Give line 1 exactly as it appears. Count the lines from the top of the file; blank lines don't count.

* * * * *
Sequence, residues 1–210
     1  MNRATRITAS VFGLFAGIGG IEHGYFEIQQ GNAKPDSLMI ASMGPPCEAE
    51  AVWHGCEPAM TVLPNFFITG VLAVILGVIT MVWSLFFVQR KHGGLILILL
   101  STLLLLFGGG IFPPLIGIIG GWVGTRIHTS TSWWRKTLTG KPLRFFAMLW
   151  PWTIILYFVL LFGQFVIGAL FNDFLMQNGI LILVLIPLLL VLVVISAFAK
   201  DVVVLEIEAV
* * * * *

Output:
Sequence, residues 1–210